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|Originally Published: Sunday, 9 April 2000||Author: Jan-Erik Mouzakis Gagnum|
|Published to: enhance_articles_multimedia/Images Articles||Page: 1/1 - [Std View]|
Scanners & Linux
How many times have you wanted to purchase a scanner, but was not sure if it was supported in Linux? Most people have come across this problem more than once. The reason for this (and I have stressed it in the past), is that most manufacturers just don't recognize Linux as an Operating System that has a future with their product. They only want to provide where they deem right. For them, right is where the money can be found.
For the past couple of years any Linux user who wanted to take advantage of a scanner would have to build drivers for it through reverse engineering. In addition they also needed to build the scanning software, typically a GUI. The problem with this was that the drivers had to be specifically built so that the scanner would talk with a specific type of application. This is similar to the TWAIN software standard under Windows, incorporating a driver with a GUI. There are many reasons why TWAIN is inefficient. Namely it's only for Windows, and it doesn't handle input very well because there is a set way it has to be entered.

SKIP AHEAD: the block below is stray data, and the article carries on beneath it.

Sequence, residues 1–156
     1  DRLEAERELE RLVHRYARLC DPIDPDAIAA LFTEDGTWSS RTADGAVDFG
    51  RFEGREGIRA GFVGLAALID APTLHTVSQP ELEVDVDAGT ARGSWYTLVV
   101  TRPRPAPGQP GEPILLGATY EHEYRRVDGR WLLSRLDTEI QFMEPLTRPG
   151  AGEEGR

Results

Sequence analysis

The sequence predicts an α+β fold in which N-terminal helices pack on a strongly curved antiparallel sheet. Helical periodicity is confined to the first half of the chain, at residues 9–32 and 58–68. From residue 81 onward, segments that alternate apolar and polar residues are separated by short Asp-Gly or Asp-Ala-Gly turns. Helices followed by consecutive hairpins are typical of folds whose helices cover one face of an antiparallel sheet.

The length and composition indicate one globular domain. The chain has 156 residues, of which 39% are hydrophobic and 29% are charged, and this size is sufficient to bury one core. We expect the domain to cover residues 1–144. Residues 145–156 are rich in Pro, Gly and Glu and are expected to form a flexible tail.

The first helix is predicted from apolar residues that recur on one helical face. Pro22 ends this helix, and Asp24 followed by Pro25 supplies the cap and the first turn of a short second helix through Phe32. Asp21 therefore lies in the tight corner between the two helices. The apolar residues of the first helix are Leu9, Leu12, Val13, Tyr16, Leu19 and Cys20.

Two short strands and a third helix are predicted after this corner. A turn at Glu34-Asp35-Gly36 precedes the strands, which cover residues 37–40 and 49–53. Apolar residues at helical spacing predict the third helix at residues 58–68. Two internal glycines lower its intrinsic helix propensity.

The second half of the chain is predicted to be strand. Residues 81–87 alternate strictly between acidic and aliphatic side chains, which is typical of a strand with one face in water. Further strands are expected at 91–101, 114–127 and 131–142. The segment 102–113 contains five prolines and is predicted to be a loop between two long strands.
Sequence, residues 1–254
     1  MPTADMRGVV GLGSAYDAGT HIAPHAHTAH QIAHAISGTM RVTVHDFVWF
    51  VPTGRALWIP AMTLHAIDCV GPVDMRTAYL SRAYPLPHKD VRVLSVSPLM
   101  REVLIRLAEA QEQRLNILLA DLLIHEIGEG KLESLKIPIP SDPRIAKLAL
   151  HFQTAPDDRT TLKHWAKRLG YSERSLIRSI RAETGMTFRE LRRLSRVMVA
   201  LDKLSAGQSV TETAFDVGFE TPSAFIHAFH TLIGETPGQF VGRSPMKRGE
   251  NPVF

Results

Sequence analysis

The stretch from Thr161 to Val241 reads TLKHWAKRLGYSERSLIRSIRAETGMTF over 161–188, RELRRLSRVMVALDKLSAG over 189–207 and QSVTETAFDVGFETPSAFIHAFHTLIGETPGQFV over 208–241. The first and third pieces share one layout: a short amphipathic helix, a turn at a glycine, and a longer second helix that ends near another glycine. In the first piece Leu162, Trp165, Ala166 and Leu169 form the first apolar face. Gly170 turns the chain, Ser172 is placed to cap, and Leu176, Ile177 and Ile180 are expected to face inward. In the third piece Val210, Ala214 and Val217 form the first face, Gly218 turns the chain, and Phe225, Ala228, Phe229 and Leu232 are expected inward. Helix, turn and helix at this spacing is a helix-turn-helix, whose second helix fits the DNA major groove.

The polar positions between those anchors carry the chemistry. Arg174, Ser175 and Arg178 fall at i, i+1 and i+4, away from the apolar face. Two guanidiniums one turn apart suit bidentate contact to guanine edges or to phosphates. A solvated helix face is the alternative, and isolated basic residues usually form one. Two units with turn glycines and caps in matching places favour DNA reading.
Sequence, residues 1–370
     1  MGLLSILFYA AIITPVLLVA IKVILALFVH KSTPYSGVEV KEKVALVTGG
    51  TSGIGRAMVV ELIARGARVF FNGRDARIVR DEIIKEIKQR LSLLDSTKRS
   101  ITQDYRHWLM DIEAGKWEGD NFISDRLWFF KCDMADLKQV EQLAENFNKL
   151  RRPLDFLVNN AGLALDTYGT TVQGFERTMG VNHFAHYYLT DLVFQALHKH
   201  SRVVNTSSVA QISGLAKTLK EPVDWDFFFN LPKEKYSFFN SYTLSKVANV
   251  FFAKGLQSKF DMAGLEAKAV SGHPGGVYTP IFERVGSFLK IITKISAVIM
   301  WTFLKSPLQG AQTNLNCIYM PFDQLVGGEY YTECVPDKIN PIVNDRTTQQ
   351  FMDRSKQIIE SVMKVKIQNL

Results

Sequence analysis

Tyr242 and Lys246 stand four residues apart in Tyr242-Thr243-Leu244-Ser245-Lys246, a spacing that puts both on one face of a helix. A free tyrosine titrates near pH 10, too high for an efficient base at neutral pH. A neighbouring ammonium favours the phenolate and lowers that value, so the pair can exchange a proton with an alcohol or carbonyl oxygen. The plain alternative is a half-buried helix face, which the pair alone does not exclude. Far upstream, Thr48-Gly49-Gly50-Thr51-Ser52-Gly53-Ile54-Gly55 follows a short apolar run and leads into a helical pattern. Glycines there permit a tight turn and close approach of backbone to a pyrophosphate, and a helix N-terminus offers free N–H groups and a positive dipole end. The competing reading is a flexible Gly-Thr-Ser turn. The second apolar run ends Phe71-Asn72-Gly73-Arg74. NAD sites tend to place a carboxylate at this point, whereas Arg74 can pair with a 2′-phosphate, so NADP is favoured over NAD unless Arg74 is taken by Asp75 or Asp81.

"Scanner Access Now Easy" -- SANE is the result of many developers around the globe working together to avoid the problems that TWAIN presents in Windows. Essentially it is a universal scanner interface. It provides a frontend, which accepts data and actions from any source, and is free to provide the results from the scan in any way. It talks with a backend to the driver of the scanner. The genius concept behind this is that the frontend does not deal in any way with the hardware, thus providing a common or universal interface to various supported scanners. The Backends, or scanner drivers, are only responsible for handling the input from the frontend and delivering the output.
This is the reason why SANE is so great: there is actually a middle-man, as it were, between the software and the scanner. To see a quick list of the currently supported scanners and their present status, check out the sane backends. You will notice that models from the same manufacturer have the same driver because the basic hardware design is essentially the same.
We have not really talked about different types of scanners. Parallel scanners might be the cheapest but they are also the most outdated and the hardest to find good support for in Linux. It is definitely worth the trouble to go out and buy a SCSI adapter and a SCSI based scanner. It might be a little bit more expensive, but the performance is much better. More importantly, it's guaranteed support in Linux. USB based scanners have also gained popularity in the past few years. According to Jonathan Buzzard, Epson and HP have particularly good support. Visit his site to find out more information about parallel port scanners under Linux.
As USB starts to take off as one of the leading technologies in periferal devices, SANE is always expanding, supporting these emerging technologies. SANE is a great innovation not only for scanners, but also for other periferals such as digital cameras, and Quickcam recorders. Linux is ready for the next generation of multimedia computing using periferal devices under SANE.